Antibody molecules and the antigen-antibody interaction​

Wolf D. Kuhlmann

Division of Radiooncology, Deutsches Krebsforschungszentrum, 69120 Heidelberg, Germany

Laboratory Diagnostics & Cell Science, 56112 Lahnstein, Germany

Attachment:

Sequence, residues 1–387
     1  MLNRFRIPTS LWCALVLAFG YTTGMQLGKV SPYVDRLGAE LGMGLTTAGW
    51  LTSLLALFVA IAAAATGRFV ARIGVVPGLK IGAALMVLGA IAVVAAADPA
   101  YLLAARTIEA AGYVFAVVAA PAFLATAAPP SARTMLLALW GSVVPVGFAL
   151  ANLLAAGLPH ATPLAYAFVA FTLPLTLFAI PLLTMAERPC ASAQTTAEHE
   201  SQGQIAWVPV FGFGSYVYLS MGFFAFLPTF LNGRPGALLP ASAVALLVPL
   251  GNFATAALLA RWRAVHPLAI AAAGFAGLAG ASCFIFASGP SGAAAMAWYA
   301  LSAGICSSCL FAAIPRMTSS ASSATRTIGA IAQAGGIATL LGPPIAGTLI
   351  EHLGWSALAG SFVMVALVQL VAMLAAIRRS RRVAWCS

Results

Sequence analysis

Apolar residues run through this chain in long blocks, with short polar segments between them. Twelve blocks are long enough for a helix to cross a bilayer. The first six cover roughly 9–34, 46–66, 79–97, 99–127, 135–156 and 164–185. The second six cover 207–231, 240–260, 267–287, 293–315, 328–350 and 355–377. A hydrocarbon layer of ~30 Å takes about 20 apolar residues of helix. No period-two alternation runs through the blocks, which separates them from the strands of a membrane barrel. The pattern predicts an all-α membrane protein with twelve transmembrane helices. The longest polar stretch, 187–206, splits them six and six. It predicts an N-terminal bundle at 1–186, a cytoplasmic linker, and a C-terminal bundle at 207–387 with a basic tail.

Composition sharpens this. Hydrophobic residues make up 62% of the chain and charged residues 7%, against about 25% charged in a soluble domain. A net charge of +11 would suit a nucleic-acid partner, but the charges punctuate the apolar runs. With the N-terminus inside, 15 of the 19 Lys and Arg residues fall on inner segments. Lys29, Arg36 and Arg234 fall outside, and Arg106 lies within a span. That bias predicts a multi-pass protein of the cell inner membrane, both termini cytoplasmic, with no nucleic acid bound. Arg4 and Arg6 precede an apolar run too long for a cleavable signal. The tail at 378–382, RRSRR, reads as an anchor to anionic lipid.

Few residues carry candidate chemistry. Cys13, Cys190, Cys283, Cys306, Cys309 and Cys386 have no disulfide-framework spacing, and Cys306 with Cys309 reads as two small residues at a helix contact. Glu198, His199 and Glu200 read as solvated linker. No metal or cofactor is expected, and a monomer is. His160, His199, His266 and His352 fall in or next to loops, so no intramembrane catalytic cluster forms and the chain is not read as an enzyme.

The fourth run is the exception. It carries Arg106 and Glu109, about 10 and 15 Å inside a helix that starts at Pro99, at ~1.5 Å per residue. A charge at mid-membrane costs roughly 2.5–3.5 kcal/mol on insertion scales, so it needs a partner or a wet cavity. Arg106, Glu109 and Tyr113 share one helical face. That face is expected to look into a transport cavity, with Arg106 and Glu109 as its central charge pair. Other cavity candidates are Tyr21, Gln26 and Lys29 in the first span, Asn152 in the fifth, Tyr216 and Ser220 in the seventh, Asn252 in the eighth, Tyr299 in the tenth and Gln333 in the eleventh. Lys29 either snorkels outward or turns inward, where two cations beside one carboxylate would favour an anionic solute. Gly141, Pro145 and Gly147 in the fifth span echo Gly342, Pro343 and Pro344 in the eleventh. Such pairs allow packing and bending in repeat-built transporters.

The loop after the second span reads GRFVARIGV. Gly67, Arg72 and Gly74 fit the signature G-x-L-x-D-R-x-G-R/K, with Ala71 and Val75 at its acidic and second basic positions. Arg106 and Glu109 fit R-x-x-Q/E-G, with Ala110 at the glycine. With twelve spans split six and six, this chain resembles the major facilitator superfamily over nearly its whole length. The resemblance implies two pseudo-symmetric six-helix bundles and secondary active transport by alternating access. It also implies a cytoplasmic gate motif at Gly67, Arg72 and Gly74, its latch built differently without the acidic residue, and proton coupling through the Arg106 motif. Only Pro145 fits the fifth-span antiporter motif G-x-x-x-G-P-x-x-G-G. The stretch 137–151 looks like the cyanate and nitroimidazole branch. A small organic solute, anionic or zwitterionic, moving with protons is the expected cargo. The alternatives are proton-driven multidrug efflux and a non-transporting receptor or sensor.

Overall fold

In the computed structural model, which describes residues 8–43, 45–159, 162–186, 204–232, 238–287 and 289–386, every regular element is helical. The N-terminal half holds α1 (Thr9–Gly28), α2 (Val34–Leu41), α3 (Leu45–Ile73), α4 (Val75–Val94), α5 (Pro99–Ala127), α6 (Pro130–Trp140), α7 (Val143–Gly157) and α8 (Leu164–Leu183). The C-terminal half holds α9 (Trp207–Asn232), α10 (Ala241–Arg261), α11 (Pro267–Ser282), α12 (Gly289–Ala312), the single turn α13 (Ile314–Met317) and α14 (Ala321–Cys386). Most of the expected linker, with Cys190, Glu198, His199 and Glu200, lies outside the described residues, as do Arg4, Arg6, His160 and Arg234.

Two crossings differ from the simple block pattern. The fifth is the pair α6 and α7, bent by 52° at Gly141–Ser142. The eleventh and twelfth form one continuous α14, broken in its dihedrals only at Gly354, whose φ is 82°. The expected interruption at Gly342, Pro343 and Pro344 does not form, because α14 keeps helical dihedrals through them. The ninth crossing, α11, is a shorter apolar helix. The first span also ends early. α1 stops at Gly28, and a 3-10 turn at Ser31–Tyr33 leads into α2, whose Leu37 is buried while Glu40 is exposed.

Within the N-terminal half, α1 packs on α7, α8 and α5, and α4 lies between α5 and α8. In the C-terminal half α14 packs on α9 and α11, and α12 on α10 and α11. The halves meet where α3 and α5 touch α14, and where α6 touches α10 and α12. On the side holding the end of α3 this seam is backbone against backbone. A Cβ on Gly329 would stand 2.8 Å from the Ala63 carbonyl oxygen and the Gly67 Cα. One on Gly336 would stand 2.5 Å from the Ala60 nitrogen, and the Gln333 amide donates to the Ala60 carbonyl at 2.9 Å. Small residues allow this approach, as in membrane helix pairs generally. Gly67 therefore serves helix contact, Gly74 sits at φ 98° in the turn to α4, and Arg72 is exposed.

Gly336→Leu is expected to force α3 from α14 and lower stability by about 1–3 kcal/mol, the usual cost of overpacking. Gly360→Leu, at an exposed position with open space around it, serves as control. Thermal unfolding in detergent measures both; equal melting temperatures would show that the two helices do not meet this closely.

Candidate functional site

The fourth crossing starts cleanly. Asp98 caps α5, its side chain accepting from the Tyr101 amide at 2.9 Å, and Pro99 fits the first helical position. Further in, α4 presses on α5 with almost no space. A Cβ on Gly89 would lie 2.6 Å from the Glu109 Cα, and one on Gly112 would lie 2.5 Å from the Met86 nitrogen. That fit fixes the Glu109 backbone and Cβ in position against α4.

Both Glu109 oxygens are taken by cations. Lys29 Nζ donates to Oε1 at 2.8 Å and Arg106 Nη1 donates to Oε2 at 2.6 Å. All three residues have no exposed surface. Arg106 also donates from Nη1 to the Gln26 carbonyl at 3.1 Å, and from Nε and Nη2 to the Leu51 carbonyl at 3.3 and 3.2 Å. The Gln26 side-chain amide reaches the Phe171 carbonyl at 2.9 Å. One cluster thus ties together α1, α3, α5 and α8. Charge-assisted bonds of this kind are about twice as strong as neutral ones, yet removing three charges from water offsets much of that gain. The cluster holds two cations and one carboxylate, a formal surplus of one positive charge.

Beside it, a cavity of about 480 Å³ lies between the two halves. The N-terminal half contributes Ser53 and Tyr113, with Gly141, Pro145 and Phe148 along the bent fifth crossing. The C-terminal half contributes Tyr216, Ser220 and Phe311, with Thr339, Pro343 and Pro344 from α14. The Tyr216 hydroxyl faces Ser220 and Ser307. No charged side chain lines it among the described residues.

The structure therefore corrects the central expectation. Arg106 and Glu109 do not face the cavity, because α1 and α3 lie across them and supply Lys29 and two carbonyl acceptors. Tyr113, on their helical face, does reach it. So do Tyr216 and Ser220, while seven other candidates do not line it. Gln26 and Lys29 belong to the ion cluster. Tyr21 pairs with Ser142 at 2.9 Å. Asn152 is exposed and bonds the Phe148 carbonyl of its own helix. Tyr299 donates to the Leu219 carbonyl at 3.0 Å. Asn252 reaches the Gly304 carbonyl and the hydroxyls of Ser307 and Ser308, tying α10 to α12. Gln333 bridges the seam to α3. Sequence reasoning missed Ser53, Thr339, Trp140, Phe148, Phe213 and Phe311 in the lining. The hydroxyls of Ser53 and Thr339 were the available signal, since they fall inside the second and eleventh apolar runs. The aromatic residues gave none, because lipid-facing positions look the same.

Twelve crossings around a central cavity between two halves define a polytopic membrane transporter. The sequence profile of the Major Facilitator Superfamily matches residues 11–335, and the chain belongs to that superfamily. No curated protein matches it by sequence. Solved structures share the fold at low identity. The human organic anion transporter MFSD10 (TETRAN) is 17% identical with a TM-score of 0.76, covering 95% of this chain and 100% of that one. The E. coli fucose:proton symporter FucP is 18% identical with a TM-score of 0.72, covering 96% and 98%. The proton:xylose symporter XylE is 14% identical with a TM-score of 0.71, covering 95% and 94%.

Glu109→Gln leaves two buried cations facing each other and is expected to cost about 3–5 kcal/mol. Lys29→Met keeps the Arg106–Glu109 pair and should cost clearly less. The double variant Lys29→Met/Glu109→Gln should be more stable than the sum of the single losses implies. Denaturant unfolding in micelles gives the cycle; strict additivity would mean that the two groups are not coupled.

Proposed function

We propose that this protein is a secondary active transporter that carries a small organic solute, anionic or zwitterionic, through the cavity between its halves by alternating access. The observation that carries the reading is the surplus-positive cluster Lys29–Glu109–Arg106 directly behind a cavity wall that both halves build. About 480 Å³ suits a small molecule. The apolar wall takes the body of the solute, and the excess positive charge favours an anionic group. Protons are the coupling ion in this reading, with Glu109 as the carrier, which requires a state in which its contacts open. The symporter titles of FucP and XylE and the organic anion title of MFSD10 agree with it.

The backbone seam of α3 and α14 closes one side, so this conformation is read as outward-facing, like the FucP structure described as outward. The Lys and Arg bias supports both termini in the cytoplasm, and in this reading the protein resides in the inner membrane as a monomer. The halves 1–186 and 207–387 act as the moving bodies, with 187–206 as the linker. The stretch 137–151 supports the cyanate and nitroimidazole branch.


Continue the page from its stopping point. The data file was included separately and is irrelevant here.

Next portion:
Antibodies are serum proteins which are called immunoglobulins (IgA, IgG, IgM, IgD, IgE). All antibodies have the same basic structure. Every antibody molecule has two identical light chains and two identical heavy chains. Antibody isotypes are determined by their heavy chains: the five types of antibody classes are defined by five different heavy chains. The regions of the antigen binding site are formed by the variable light chains (VL) and the variable heavy chains (VH). Genetic mechanisms create antibody diversity at the somatic level in a step-wise process by recombination of a set of gene segments (VL and VH domains) and hypermutation events during which the B cell maturation occurs. In the course of differentiation and maturation processes, antibody genes are transcribed into messenger RNA, and, specifically, antibodies are tailored by multiple gene splicings and gene rearrangements.